Saturday, July 18, 2009


I just took my three youngest children to see "Up," this summer's Disney/Pixar movie. They all said they liked it, and I thought it was ok.

The main story is a fun adventure in which an old man and a boy fly to South America in a house lifted by balloons. But the first ten minutes tell the story of the old man's life. As a boy who dreams of aerial adventure, he meets a girl with similar dreams. They eventually marry and live out a "Wonderful Life" sort of story in which everyday life always gets in the way of their having the adventures they dreamed of. Then the wife dies and the old man ends up lonely and forgotten. (Ben asked, "Why did his wife have to die?")

Here is the place to confess that while I think "It's a Wonderful Life" is a great film in its quirky way, I hate it. I hate the thought that raising children, supporting a family, and all the other regular stuff of normal life make it impossible to have adventures. I find George Bailey's story really, really depressing. He should have built skyscrapers and traveled the world. I don't want to end up like him. Not that I have anything against marriage, family, work, and lawn mowing, I mean, this is the life I've chosen, and I chose it because marriage, family and home were more important to me than anything else. (I could do without the lawn mowing.) But I want adventures, too. I suppose it is fortunate that I have been born into such a wealthy age that this is possible, at least in a limited way. Since I started breeding I have been to China and England, written one book and half of another one, dug on a bunch of exciting archaeological sites, and done my share of wild and crazy things. And I have ever reason to expect that I will go to more places -- Italy, Ireland, and Mexico are high on my list -- and do more amazing things.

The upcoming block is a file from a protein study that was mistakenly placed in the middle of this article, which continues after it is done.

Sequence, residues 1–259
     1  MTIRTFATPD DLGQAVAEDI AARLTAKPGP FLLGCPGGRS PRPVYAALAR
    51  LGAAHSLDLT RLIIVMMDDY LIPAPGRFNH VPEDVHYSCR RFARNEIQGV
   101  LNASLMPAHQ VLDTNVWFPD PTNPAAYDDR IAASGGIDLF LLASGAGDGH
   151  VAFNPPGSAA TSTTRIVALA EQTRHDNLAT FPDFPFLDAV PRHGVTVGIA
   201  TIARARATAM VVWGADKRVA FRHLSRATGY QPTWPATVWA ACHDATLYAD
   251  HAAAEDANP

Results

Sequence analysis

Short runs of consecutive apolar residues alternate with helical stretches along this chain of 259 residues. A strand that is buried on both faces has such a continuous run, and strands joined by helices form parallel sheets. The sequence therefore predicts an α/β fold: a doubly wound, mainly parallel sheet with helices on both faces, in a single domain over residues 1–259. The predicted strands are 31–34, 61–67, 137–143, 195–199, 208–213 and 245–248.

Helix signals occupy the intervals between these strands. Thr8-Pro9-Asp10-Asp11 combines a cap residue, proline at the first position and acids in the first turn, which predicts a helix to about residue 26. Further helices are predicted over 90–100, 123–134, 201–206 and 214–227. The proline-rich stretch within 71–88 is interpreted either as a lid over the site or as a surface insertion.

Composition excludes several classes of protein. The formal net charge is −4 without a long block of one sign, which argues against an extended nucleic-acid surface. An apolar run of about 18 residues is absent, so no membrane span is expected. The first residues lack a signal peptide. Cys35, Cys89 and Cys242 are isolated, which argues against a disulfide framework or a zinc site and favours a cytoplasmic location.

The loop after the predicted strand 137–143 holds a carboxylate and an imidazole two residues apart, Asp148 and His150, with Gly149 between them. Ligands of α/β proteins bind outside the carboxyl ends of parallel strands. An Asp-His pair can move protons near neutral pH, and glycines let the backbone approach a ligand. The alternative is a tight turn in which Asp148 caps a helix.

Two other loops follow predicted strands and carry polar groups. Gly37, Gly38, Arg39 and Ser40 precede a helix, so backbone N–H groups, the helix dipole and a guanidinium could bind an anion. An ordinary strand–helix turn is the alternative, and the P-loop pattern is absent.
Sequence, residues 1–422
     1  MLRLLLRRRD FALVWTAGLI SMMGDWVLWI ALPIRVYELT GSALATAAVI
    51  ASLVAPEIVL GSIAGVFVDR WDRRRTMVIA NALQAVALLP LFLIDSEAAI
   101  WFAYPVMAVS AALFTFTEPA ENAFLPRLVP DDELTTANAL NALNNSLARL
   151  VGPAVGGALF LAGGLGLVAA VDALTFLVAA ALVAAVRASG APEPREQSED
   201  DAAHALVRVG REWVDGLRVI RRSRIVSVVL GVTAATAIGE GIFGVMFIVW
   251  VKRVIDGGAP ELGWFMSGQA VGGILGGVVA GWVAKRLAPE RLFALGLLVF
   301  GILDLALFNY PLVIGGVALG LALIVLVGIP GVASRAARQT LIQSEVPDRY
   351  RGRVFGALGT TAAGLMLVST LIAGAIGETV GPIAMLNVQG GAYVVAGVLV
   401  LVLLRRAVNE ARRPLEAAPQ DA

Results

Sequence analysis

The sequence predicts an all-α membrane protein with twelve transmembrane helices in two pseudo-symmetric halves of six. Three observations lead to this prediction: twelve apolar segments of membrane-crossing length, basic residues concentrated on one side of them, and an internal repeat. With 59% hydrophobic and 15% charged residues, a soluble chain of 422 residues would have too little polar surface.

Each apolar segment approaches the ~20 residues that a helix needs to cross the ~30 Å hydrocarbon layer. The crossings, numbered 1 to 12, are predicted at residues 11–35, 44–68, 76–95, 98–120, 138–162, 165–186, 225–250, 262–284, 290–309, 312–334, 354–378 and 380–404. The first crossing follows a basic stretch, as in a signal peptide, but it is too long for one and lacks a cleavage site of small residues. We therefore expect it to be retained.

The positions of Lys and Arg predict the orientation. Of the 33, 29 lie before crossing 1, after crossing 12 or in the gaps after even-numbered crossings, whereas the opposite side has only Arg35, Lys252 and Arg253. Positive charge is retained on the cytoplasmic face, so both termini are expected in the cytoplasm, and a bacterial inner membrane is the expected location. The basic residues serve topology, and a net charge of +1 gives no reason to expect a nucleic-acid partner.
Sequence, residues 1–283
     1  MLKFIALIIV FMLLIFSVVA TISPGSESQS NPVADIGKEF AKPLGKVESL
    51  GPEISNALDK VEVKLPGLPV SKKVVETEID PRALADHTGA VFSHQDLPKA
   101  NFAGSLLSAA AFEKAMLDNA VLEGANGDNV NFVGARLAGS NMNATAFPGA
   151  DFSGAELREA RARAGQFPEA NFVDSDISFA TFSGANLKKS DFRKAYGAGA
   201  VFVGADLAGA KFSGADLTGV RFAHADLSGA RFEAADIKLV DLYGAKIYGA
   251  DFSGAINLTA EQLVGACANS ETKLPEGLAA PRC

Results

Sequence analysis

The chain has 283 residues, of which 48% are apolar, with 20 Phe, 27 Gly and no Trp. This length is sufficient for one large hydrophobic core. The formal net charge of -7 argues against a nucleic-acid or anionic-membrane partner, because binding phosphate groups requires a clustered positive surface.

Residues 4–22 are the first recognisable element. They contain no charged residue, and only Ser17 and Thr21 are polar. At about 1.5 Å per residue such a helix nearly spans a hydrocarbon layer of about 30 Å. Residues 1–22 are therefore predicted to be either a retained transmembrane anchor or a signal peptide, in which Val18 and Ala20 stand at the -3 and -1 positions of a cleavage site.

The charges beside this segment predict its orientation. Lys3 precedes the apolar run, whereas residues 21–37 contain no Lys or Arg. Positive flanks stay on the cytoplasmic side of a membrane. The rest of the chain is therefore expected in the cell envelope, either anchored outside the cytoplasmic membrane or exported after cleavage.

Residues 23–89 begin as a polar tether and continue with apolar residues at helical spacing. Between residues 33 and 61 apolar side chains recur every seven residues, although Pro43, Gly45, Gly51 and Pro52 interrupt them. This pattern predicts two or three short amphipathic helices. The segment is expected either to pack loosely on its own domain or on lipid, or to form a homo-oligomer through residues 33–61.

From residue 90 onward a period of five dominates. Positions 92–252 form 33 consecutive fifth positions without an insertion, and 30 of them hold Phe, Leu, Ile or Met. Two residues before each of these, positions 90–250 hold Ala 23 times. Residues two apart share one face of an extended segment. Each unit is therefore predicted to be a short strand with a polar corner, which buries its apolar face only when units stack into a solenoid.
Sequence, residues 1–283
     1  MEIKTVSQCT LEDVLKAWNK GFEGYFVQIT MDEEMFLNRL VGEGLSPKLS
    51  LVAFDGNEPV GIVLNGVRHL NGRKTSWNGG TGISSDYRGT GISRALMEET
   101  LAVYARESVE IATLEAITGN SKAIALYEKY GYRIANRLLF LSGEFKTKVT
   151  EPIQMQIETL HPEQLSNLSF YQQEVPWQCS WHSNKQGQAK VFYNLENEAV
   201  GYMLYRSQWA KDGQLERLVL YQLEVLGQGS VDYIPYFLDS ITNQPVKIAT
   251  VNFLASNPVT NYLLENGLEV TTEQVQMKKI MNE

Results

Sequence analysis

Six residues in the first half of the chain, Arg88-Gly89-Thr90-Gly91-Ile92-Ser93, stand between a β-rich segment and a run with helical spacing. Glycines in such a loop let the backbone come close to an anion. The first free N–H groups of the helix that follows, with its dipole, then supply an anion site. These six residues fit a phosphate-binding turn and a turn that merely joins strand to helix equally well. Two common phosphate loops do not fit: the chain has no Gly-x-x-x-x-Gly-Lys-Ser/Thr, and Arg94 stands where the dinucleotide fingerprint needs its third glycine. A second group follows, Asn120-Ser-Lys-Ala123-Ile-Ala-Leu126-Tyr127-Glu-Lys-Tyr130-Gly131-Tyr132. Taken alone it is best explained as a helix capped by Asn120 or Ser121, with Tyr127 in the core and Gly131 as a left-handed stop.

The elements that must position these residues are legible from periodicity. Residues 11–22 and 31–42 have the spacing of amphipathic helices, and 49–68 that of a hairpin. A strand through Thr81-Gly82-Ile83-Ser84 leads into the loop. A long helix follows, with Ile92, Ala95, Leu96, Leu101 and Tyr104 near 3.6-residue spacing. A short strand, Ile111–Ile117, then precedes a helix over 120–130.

So, honestly, I don't have anything to complain about. But "It's a Wonderful Life" and the first part of "Up" depress me, because they drive home the message that life is about choices, that you can't have everything, and that family and marriage, at least for a good person who takes responsibilities seriously, are a huge impediment to an adventurous life.

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